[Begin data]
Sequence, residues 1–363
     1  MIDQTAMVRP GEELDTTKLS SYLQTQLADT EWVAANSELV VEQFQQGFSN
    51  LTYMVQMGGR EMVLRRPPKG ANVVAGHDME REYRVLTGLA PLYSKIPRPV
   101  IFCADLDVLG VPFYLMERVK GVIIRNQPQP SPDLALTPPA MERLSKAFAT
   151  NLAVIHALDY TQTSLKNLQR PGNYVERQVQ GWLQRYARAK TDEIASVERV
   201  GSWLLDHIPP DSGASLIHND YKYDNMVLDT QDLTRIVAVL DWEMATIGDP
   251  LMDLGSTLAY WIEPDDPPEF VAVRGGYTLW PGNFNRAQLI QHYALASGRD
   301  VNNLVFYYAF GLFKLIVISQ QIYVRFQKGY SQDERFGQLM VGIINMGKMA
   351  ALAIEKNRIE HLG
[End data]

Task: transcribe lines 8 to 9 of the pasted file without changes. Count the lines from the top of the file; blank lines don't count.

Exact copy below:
   301  VNNLVFYYAF GLFKLIVISQ QIYVRFQKGY SQDERFGQLM VGIINMGKMA
   351  ALAIEKNRIE HLG